And still, I was terrified.

The tube?! Really?! We can get to Victoria on the overground. What about a bus?! A bus is so much better.

Oh, grow up, you silly girl.

Stuck to my seat, sometimes shoved under someone’s armpit, holding tight, my stomach swaying as the train hustled and swerved and screamed its way through those hot, windy tunnels. Fear seeped through my skin, soaking my clothes and beading on my upper lip.

The roaring becoming louder, and louder, and louder, rising in volume and ferocity,

 – why is it so angry -?!

I open my eyes.

I am twenty three years old. I am sitting on the tube for the first time in three years, and before that, for the first time nine.

London has not been my home for twelve years.

Yet, every time I step off the train and into Euston or King’s Cross, a rush of overwhelming familiarity hits me.

The smells and the noise pollution, rising high in the sky, thousands of lives picking their way through thousands of machines, breathing in exhaust fumes and coffee grounds, heels on newspapers, sweat pooling in the creases of skin, accents and countries and worlds colliding as people get on with their business.

And I love the tube. I love the tube with all my heart.

I love the feeling of standing on the furthest end, watching everybody and their engrossed detachment from the world around them. The ginger man sitting next to a nun, sneaking peeks at her reading material. The woman who is watching a Netflix show and the audience of standing commuters, eyes glued to her screen behind the grimy glass that separates her seat from the doors.

I love the hurtling, screaming ferocity. I love the traffic of humans, all hurrying, running, racing, sweating, on the same journey but so trained in avoiding any real contact with each other. Physically pressed up against each other but mentally floating high above the tunnels through which they are carried at top speeds.

I don’t love London at all. I might love the memories I have, which lurk around unexpected corners and in strange places. That place that I vomited outside the Natural History museum. That spot in the British library where I tried to hide those chewits. That fountain in Hyde Park where I sprained my ankle and subsequently cried all the way home on the 319. That tree where the dog barked at my brother and I, scaring our five and four year old selves half to death. That rookery where we rolled down the hills and I got grass stains on my blue Alice in Wonderland dress.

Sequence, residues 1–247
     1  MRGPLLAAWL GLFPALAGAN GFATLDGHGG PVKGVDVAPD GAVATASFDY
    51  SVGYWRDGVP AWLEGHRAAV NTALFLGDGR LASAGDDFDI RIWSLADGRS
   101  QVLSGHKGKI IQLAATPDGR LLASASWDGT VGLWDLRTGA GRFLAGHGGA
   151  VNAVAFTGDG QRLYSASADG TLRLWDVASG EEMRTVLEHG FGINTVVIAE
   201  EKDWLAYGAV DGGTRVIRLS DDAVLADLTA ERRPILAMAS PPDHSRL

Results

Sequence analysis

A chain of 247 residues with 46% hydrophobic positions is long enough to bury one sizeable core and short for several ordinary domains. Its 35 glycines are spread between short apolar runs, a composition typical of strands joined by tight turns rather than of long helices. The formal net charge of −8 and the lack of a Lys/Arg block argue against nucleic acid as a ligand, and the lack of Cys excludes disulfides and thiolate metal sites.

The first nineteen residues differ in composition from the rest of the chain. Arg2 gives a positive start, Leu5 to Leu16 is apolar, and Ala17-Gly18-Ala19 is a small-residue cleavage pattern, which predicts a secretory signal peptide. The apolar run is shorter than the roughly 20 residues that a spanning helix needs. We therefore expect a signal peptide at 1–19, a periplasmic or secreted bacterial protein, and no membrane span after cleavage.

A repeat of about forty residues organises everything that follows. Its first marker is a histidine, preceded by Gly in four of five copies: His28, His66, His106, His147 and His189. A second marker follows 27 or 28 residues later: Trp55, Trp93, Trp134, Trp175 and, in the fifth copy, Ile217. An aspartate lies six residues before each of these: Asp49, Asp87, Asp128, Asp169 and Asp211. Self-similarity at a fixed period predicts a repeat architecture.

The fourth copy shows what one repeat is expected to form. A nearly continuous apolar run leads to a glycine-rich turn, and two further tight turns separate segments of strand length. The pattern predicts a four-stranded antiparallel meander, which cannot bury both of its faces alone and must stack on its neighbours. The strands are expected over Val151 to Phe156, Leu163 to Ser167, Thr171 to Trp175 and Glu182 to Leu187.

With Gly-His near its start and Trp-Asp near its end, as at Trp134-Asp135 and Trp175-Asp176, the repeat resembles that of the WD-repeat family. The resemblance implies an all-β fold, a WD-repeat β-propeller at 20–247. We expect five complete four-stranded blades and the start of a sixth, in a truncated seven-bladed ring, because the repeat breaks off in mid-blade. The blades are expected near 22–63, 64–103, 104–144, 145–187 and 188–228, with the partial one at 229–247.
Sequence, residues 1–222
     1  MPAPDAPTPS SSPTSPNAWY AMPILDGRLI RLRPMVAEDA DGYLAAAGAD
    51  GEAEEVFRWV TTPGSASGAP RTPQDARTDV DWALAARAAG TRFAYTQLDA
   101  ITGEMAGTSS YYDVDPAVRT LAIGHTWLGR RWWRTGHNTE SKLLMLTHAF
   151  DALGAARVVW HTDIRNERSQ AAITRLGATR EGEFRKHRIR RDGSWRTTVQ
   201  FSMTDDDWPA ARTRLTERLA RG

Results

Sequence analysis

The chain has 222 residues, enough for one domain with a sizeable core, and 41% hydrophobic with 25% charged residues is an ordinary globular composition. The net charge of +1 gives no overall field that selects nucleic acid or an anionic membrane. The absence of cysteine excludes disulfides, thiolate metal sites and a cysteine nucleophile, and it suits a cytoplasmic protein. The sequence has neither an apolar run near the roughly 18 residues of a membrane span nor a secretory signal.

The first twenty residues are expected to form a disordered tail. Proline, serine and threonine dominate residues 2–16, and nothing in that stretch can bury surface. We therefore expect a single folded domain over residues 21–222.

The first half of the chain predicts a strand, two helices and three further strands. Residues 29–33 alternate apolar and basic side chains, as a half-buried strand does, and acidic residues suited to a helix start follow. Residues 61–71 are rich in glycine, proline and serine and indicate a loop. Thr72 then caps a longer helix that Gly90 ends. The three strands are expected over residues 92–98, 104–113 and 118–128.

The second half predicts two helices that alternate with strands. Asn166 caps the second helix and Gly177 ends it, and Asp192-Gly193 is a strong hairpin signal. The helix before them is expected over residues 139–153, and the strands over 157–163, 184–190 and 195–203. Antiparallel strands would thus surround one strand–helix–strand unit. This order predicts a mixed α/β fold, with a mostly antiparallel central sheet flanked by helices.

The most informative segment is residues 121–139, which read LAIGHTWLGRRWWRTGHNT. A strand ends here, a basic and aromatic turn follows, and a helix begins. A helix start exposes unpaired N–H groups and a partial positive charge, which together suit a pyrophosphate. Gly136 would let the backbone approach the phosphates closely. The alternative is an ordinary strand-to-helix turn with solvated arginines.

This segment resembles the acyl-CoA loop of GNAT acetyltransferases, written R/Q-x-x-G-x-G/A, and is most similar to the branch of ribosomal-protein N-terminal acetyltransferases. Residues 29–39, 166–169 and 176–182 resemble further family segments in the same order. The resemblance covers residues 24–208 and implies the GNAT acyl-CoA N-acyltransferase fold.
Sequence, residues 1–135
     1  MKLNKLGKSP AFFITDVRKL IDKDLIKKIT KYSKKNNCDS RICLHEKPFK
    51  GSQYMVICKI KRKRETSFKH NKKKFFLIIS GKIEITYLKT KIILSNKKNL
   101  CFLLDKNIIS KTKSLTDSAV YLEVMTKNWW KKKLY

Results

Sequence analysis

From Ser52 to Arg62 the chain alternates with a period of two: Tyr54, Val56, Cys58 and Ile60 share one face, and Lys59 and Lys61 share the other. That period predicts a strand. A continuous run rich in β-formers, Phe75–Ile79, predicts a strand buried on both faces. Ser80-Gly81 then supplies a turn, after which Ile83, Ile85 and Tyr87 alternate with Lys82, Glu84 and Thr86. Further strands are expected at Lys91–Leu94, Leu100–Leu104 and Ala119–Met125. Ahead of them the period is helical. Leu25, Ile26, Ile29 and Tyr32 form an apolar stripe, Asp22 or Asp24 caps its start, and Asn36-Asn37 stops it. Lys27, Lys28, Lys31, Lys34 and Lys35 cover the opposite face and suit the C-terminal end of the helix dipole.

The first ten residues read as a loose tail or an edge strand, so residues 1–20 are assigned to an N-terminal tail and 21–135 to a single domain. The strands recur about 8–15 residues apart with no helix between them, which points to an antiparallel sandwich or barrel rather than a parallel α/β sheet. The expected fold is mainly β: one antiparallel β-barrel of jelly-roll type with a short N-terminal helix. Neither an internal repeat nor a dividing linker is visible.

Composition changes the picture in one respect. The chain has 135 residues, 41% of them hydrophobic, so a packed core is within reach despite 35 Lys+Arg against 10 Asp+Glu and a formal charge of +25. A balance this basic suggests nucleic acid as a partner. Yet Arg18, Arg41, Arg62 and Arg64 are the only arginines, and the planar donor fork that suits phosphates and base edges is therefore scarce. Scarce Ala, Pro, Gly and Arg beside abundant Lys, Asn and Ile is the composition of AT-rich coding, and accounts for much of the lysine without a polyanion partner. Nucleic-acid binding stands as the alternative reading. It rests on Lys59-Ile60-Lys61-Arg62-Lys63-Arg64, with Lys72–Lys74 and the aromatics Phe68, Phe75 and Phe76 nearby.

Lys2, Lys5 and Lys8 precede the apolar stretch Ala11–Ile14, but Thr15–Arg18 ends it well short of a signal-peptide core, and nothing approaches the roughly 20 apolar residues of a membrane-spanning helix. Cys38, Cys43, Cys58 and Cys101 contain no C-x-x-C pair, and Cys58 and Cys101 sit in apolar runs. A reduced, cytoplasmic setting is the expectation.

But I love the Tube.

I love the old terror that rises in my throat like bile, because my twenty three year old self recognises it for what it really is;

Adrenaline.

Excitement.

Adventure.

Thrill.

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Monstrosity

A word must be put in for monstrosity.

It has an ugly head, but disguises itself wonderfully under the soft and peachy skin of a four year old child who is loved by everybody. She knows she is loved. She knows her smile will charm an adult, and a kiss on a wrinkled cheek will yield more affection, which she thrives on.

Her eyes are wont to fill quickly, as her heart is so sensitive, and the adults croon over her, saying what a kind and wonderful soul she has.

‘You were so sweet and charming, Len,’ my mother says.

She doesn’t know the truth.

She doesn’t know that when I was four, I used to pinch a little girl. I pinched her and she cried.

I did it again the next day.

And the day after that as well.

I don’t know why I did it. I just remember doing it. I remember feeling guilty.

So why did I do it?

What was wrong with me?

Was I guilty about doing it, or was I guilty about being found out?

If you look at photographs, you see a small child with shiny brown curly hair and a dimpled smile. Her eyes sparkle with innocence and brim with joy.

If you peep into my memories, you see lots of love. Lashings of it. I am saturated in love. I have so much that it spills easily out of me and I can make little gifts of it to give to everybody else.

So where was the love in my four year old brain when I pinched that innocent little girl who did nothing to me?

My mother doesn’t know that when I was seventeen, I thought I was in love, and did many selfish things to chase something that was bad for me.